Ethereum Director of Developer Relations, Yaz Khoury, announced in a Twitter post about Ethereum Classic (ETC) activating the Atlantis hard fork. This has been possible due to the efforts of the team behind Ethereum Classic, which aims at improving the functionality and compatibility of the altcoin with Ethereum. Khoury congratulated the project with the development, and stated, “Congratulations @eth_classic on the successful activation of the Atlantis Hardfork! Was one of the longest debates to reach consensus along with a lot of the immutability politics. Learned a lot about the beauty of decentralization and a distributed community.”
Ethereum Classic has enacted a system-wide software upgrade as part of a bid for increasing the interoperability with Ethereum, the blockchain that split in 2016 from its codebase. Dubbed “Atlantis,” the hard fork will require all software users to upgrade their clients to stay within the rules of the network. According to a press report released by Ethereum Classic Labs, the startup of Ethereum, 10 Ethereum Improvement Proposals (EIPs) were included in Atlantis to improve performance and stability and to add opcodes, precompiled contracts, zK-SNARKs, and enhanced security. Terry Culver, the CEO of Ethereum Classic Labs, commented as follows:
“The hard fork clearly shows we are committed to compatibly and working with ethereum. What we would like to do is find ways to make the two chains support one another.”
Ethereum Classic is a public, blockchain-based, open-source distributed computing platform that features smart contract functionality. It is a smarter blockchain. It is a community, a network, and a cryptocurrency that takes digital assets further. Apart from following people to send value to each other, Ethereum Classic allows for complex contracts that operate autonomously to be modified or censored.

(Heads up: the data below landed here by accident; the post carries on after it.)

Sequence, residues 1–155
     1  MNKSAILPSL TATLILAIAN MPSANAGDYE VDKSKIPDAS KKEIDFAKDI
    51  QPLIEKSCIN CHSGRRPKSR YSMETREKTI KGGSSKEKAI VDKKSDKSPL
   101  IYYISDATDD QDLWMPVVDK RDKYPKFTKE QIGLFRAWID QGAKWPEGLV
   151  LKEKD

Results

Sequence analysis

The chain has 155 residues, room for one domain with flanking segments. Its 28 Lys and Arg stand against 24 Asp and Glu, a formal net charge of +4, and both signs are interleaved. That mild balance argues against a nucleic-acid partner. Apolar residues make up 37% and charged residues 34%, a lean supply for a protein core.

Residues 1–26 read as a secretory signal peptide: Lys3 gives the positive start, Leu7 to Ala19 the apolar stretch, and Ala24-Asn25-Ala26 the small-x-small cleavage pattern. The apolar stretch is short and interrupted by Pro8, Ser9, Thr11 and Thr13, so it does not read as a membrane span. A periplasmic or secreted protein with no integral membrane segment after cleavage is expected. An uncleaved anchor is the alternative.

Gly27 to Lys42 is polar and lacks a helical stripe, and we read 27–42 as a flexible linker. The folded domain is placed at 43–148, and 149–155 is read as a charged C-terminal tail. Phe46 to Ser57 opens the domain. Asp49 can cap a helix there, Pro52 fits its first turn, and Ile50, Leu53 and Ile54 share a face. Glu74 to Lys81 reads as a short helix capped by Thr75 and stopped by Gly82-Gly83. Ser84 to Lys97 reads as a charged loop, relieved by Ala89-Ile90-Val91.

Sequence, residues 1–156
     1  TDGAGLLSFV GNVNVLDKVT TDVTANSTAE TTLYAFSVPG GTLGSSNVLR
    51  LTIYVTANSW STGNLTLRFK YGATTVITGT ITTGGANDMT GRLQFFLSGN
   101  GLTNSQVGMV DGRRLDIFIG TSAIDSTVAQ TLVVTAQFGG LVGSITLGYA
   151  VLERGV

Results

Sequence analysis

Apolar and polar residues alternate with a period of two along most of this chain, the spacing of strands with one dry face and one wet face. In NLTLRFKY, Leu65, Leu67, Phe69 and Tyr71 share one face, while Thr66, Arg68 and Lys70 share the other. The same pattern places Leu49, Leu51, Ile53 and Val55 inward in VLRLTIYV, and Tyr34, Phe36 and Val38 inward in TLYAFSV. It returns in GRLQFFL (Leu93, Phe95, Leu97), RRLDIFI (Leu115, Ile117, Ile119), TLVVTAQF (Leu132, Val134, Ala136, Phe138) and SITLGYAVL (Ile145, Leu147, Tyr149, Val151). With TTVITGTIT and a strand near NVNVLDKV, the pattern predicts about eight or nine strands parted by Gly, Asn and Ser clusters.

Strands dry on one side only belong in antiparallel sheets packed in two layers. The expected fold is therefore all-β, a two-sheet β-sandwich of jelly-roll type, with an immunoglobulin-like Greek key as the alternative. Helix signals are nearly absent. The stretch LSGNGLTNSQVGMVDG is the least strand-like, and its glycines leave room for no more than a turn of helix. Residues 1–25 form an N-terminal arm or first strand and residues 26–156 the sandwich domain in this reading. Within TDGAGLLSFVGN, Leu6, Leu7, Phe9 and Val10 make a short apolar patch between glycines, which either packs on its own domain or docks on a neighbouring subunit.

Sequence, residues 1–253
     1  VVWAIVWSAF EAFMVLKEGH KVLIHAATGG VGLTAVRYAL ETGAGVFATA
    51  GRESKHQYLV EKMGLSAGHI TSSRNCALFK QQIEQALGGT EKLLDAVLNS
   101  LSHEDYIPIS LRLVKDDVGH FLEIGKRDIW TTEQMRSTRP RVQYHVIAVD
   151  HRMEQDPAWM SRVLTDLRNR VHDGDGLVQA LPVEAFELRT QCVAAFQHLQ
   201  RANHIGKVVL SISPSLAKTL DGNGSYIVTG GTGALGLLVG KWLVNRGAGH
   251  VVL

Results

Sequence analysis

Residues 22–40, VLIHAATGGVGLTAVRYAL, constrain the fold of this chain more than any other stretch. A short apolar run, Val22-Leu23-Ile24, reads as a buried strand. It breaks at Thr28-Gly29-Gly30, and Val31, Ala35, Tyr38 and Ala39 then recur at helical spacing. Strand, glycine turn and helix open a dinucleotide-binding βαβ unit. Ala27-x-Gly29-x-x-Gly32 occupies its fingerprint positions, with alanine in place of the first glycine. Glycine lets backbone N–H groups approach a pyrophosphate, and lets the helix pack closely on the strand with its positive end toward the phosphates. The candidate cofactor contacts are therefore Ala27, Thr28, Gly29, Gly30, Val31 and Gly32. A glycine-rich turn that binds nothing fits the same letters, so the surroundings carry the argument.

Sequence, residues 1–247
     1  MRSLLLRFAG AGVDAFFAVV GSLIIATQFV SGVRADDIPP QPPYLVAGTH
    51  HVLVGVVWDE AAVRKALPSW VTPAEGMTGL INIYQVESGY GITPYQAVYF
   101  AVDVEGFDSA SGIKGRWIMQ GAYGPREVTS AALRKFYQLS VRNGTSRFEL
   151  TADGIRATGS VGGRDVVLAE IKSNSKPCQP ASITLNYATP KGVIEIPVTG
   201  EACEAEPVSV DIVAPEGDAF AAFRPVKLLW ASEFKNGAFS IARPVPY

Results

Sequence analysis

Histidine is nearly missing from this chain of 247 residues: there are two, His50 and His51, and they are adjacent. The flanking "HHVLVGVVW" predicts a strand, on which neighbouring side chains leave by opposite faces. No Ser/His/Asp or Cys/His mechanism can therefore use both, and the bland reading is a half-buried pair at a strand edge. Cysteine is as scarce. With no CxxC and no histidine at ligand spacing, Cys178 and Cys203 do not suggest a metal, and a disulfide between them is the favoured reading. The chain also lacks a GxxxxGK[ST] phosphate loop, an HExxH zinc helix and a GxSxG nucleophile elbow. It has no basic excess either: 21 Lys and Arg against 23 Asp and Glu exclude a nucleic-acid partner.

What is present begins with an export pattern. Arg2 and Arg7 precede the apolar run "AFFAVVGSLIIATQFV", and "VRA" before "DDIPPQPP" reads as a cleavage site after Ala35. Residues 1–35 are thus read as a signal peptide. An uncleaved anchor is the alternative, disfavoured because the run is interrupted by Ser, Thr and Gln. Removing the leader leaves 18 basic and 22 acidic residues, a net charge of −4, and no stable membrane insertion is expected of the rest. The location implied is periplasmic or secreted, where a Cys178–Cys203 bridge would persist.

In June this year, the Ethereum Classic community announced that its Atlantis hard fork is in the testing stage. According to previous news reports, the update is scheduled for September this year. To bring about transparency in certain aspects of the upgrade, Ethereum Classic Labs had actively contributed to the Atlantis project by launching an Ether/ETC interoperability tool as part of the Metronome Validator Network software.
As planned earlier, ETC has successfully performed the Atlantis hard fork in accordance with the previously estimated time- between 12 and 13 September 2019- at a block height of 8,772,000. As commented by ETC Labs in June to Coin telegraph, “The community has had a number of meetings to discuss timing, scope, and involvement, and we have decided on the direction and timing of the Atlantis release.”
It was reported earlier in June that developers and contributors were considering to put the hard fork at block number 8.75 million, as they predicted that it would run on 15 September. But subsequently, Ethereum Classic Labs moved to increase the block number to have the projected update during the week when more involved parties would be present to discover and deal with any issues that may arise.
This hard fork will improve security and will take the community concerns into account. It will be a no-rush update as it will ensure the compatibility of Ethereum Classic with Ethereum. This will simplify the interaction with sibling blockchains.
Following its announcement about the hard fork, ETC has gained support from a wide array of industry players including OKEx, the Malta-based cryptocurrency exchange. The support of the exchanges was revealed on 10 September. There was also a warning that it will handle resume services and related technical issues after the ETC mainnet becomes stable. Recently, the cryptocurrency exchange Bitfinex announced that it would also extend its support to Atlantis.